more easily, if need be.
FYI: These are the files the Patch adds or changes in case
you want to make backups first:
239887UP.inf, Setup Information, 8/17/99, 4:17 PM, 2,623 bytes
qfecheck.exe, Application, 7/27/98, 3:48 PM, 36,864 bytes
Qfecheck.hlp,Help File, 2/9/96, 6:28 PM, 8,042 bytes
3675.cat, Security Catalog, 8/12/99, 1:26 PM, 5,903 bytes
CSETUP.exe, Application, 8/12/98, 9:32 PM ,16,896 bytes
MSConfig.exe Application, 8/11/99, 10:32 AM, 59,392 bytes
tshoot98.chm, Compiled HTML Help file, 7/22/99, 11:12 AM, 240,797 bytes
Pci.vxd, Virtual device driver, 8/11/99, 10:41 AM, 65,919 bytes
apmbatt.SYS, System file, 8/11/99, 10:46 AM, 4,384 bytes
239887UN.inf, Setup Information, 8/17/99, 4:17 PM, 1,632 bytes
configmg.vxd, Virtual device driver, 4/23/99, 10:22 PM, 125,057 bytes
ver_chk.inf, Setup Information, 8/12/99, 12:30 PM, 1,520 bytes
Advpack.dll, Application Extension, 7/15/97, 6:53 AM, 74,960 bytes
W95inf32.dll, Application Extension, 7/15/97, 6:53 AM, 4,608 bytes
W95inf16.dll, Application Extension, 7/15/97, 6:53 AM, 2,272 bytes
If you're using Win98SE and are having shutdown problems,
you might want to try the patch. If you're using a non-SE
version of Win98 and are having problems, try the Msconfig
Major Java Security Bug in Windows 9x, Window NT,
plus IE 4 and 5!
One of the attractions of Java as a web platform is that
it's designed with security in mind. For example, by
design, Java applets operate in something called a
"sandbox" which is quite literally a safe place for
applets to play, where they usually can't hurt themselves
or damage the rest of the system. (Yes it sounds a little
silly, but that's how it really is---and it's really
called a "sandbox!") This safe operation is accomplished
by running the applets in a carefully proscribed manner on
a software-only "virtual machine" (VM) instead of letting
them run directly on your real hardware and software.
That's the theory, anyway. Trouble is, it turns out that
some implementations of Microsoft's Java Virtual Machine
have a hole that can let malicious applets loose, where
they can do harm. A hacker could post an applet on a web
site, for example, and cause you trouble when you surf
Are you at risk? Here's how to find out:
Open a command window or "DOS Box". On Windows NT,
choose "Start", then "Run", then type "CMD" and hit the
enter key; on Windows 95 or 98, choose "Start", then type
"Run" then "COMMAND" and hit the enter key.
At the command prompt (C:\ >), type "JVIEW" and hit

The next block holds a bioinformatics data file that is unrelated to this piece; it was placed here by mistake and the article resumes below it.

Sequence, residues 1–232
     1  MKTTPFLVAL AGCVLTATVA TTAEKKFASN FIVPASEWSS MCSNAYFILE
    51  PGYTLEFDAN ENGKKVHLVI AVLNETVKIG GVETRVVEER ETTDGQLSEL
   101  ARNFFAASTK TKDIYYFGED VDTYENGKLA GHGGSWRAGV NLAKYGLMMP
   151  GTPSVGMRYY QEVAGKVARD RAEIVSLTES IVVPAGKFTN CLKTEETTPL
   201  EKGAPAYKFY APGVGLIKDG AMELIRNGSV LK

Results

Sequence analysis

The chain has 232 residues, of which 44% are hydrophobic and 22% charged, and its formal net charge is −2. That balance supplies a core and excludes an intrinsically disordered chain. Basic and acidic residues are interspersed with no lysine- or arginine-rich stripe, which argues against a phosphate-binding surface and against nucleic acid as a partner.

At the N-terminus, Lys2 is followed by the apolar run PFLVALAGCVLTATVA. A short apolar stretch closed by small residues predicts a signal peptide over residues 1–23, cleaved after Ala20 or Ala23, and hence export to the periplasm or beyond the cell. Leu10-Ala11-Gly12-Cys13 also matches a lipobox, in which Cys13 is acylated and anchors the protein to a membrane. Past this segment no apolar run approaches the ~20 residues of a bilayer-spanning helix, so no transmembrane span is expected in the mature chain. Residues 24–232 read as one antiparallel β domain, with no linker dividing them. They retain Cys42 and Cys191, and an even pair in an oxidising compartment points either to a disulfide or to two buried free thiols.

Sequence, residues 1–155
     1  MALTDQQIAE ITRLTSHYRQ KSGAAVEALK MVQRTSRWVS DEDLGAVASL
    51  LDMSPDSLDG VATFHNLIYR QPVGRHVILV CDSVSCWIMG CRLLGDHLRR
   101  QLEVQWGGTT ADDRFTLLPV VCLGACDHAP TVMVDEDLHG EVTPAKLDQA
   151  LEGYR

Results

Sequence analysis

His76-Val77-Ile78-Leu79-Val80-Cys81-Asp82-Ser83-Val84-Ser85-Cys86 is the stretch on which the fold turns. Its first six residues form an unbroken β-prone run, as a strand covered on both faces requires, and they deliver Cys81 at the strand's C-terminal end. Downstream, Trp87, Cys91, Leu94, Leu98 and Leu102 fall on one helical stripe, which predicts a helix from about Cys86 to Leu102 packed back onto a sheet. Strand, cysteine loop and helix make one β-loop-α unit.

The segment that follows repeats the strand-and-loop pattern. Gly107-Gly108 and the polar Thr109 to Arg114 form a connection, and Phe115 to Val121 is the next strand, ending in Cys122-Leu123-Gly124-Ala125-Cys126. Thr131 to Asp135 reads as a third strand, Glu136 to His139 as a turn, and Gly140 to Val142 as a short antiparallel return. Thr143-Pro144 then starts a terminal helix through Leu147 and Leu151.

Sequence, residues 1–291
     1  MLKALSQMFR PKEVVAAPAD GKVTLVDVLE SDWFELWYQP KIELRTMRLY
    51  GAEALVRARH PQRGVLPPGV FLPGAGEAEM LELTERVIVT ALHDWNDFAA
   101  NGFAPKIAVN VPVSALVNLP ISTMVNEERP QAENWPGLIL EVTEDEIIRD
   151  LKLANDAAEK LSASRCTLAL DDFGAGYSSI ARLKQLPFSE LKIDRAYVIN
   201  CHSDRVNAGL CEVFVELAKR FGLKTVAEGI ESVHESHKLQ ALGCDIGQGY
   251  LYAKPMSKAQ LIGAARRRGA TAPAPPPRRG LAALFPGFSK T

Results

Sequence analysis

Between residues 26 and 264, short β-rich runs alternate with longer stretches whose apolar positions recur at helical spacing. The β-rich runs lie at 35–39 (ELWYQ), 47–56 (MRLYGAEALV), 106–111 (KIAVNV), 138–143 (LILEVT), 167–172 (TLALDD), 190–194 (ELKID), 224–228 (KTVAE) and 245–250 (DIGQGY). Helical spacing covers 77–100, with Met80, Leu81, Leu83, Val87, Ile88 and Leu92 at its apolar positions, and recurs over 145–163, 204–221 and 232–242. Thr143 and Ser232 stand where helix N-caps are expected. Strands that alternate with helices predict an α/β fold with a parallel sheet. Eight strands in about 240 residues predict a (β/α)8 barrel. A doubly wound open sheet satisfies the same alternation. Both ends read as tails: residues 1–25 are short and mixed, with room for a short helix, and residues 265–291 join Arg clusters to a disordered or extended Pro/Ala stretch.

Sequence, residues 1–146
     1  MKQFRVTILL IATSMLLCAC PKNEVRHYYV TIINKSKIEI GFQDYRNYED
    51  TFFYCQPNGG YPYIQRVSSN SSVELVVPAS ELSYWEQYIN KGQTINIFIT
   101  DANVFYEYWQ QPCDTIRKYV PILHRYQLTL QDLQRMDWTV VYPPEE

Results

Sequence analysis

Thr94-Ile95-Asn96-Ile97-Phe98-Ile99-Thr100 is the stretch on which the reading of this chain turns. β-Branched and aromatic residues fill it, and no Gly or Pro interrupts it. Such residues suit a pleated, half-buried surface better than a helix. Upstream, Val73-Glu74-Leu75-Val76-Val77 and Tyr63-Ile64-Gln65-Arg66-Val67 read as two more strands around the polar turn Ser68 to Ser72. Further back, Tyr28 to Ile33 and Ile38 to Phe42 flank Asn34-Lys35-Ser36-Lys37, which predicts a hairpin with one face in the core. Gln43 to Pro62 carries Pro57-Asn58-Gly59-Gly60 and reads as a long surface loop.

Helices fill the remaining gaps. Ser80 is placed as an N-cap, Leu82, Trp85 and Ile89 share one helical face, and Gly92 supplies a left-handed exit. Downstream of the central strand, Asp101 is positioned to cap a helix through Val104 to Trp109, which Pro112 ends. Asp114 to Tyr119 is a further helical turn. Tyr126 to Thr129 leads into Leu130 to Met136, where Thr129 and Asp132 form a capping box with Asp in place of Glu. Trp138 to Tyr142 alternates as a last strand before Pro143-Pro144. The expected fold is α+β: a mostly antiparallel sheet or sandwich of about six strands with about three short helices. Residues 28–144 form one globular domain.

the enter key.
A screen full of text will display, but all you care
about for now is the first line, which reads something
like "Microsoft (R) Command-line Loader for Java Version
Look at the last four digits in that line. In the
made-up example above, they are 1234. This is the build
number of your system's Java implementation.
If your build number is lower than 1521, you're OK.
(Well, you're out of date, but at least you don't have the
security problem we're discussing.)
If your build number is anything from 1521 through
3185, then you have a potential security problem.
If you do have the security problem, you have two choices.
You can disable Java applets and simply prevent them from
running at all: If they can't run at all, they can do no
harm. But this costs you functionality on many web sites.
The second, and better, approach is to grab a patch that
fixes the problem. It's over at
Follow the instructions there to download and install the
patch. (Alas, it's beefy at just over 6MB.) When you've
installed the patch, follow the steps outlined above again
top verify that the patch worked: The build number of the
new, corrected version is 3186.
PSST! More System Setup Secrets
Some of you had trouble finding the column on System Setup
Secrets; it went live later than anticipated. But it's up
and running now at
Many of the tips and tricks outlined in that column will
work on any kind of system--- Mac, Linux, BeOS, etc.:
Although the specifics are for Windows machines, the ideas
and concepts are easily transferable to other OSes.
The column details all the steps I take (and why I take
them) so you can decide for yourself which ones might be
useful to you, and which may be overkill. The early posts
in the discussion area have dealt with things like CDR
versus tape backup, why you'd set up even a standard
desktop PC in "server" mode, the use of a separate
partition for data storage (away from your applications),
and lots more.
I'll be glad to answer whatever questions I can about the
steps listed above, and I'd also love to hear from you:
What tricks or techniques do you use? What tips can you
share? What steps do you take to keep your system running
Take A Deep Breath: Here's *Another*
IE 4 and 5 Security Hole
OK, this is bad: Microsoft found two security holes in
Internet Explorer 4 and 5 that allow a script running on a
web site potentially to "take unauthorized action against
a person who visited it. Specifically, the web page would
be able to do anything on the computer that the user could
The two ActiveX controls are Scriptlet.typlib and Eyedog;
the former is a developers' tool, the latter a diagnostic
tool. Both are marked internally as "safe for scripting"
but they shouldn't be: Scriptlet.typlib can create local
files, so it should not be able to be controlled remotely.
Similarly, Eyedog can be asked, via a script, to diddle
with registry information and such.
The new patch marks both these controls as "not safe for
scripting" so they can't be hijacked by a rogue web page
and used against you.
Next week, this patch will appear on the Windows Update
site, but you don't have to wait: you can grab a copy
right now---and you should!---at
If you want more info first, see the FAQ at
"Burn-In" and Other System Setup Secrets
The discussion of "System Setup Secrets" has turned up some
interesting and informative information over at
For example, a reader pointed out it's a great idea to leave
a brand-new PC on continuously for several days---to "burn
it in"--- and he's right: Most solid-state hardware either
fails early in its life or practically runs forever. The
computer industry even has a macabre term for the failures
that tend to cluster early on in a device's life: They call
it "infant mortality." (Honest!)
But if new system gets past the first few days or weeks of
use without suffering a hardware failure, chances are the
hardware itself will run perfectly for a very long time.
(The software is another story....) So leaving a new system
on and in constant for a while is a very smart idea because
if you're going to have an "infant mortality" problem with
your new PC, you want it to happen while the system is new
and under full warranty.
Well I hope some of this will be of interest to you. I got a used laptop so now I have a seperate 'puter on the road for linux! SuSE 6.2 is installed on it and it seems stuff is sinking in slow but steady for me.
Till next time...